Buying a house at auction | NatWest




Buying a house at auction

House auctions used to be associated with expensive real estate and houses in need of hefty renovations or restorative work, but that’s no longer always the case. With more and more buyers turning to property auctions to find their dream home, is it something to consider and what do you need to know if you decide to buy a house at auction?

Buying a house at auction

Row of houses

How do auctions work?

If you think buying for auction could work for you, the good news is there are fewer steps you’ll need to prepare for. Once you’ve decided on an area, it’s best to get in touch with the local auction houses, who will be able to send you a catalogue.

You’ll need to act quickly – there’s usually only a few weeks between the catalogue publication and the auction itself. In this time you might want to visit any shortlisted properties, carry out a survey on your favourite and get a second opinion on the guide price given in the auction catalogue. It’s also best to get an agreement in principle confirmed before the day of auction to prepare for the quick turnaround time.

If you’re new to auctions, it can be helpful to watch a few before you start your house search so you know what to expect.


Benefits of buying a house at auction

  • As well as avoiding the traditional house-buying process, which can be long-winded and at times uncertain, buying a house at auction could reduce the number of costs involved. There will still be costs such as an administration fee, but this can often be much less than any estate agent fees.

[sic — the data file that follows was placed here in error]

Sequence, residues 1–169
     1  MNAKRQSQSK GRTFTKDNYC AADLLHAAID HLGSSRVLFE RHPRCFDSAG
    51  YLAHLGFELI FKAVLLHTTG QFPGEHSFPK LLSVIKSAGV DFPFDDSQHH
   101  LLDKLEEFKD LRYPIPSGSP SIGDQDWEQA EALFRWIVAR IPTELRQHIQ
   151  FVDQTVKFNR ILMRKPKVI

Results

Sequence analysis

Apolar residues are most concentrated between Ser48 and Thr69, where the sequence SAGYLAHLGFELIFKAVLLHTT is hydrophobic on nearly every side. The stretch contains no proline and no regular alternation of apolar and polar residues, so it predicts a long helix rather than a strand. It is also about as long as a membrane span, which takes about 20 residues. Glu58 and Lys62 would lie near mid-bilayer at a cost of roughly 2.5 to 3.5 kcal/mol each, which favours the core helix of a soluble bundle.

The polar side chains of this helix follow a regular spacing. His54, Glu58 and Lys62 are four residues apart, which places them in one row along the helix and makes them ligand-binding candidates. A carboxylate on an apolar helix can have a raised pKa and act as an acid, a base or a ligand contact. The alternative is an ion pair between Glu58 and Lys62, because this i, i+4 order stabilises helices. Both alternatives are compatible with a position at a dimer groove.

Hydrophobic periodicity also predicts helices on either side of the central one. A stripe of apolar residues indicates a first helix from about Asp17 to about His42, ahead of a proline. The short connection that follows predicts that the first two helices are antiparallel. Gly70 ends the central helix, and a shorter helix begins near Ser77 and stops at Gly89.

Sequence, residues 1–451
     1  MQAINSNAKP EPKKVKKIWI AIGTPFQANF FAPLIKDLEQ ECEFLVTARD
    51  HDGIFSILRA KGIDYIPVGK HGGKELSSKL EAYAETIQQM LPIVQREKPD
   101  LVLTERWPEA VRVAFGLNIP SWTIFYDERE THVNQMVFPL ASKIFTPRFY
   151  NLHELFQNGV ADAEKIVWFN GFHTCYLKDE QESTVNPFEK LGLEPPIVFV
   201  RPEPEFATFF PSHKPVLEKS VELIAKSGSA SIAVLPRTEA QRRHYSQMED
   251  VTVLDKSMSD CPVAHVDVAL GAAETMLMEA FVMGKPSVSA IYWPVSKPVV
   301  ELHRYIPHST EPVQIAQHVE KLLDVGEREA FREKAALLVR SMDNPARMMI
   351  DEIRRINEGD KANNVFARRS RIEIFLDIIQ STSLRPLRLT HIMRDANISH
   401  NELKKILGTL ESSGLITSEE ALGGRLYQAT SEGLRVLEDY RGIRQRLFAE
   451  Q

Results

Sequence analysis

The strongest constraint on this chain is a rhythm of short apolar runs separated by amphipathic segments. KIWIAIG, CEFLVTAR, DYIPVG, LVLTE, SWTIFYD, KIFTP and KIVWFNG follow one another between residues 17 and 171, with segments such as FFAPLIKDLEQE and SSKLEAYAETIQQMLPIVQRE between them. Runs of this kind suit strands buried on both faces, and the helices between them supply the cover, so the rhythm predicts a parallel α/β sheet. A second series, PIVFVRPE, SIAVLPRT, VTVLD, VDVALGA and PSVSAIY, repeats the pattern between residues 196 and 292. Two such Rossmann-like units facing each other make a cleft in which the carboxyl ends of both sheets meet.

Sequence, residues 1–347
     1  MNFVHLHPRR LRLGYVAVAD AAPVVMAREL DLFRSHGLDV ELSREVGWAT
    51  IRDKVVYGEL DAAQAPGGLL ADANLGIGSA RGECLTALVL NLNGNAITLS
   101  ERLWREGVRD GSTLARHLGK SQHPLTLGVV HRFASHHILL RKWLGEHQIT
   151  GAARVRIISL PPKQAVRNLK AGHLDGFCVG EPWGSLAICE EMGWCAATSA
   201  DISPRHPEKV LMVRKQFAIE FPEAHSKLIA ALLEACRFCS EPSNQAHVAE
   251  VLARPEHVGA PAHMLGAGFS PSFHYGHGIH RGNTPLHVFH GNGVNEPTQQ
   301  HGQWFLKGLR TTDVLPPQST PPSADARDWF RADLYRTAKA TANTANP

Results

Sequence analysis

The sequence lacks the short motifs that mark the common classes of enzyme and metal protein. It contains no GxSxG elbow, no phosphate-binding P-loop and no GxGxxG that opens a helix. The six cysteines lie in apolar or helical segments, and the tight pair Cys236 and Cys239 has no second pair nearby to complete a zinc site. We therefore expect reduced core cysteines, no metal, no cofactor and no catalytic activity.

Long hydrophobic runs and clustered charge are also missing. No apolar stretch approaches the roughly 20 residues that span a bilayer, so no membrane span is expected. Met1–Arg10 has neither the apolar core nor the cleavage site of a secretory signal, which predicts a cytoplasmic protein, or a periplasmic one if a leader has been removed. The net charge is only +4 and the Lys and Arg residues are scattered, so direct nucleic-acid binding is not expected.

• If you’re looking for a property that’s a little different, buying at auction can be a great way to find something special. You’ll usually find houses that estate agents are unable to sell – or wouldn’t typically sell – making it a great way to pick up a house whose potential may have been overlooked. 

Drawbacks of buying a house at auction

  • Even though you avoid the risk of being gazumped when you buy at an auction, choosing to buy a house this way carries its own risks. As soon as the hammer goes down, the sale is final. You’ll usually need to pay 10% on the day of the auction, and the remaining 90% soon after. You may want to consider having a mortgage agreed in principle before the auction; otherwise, you could lose the 10% along with the property.
  • If you decide to buy a house at auction, you’ll need to make sure you’ve spent time – and probably money – checking the property is up to scratch before the day of the auction. Naturally, this carries the risk of wasting both if the property gets sold before the auction or somebody outbids you on the day. 

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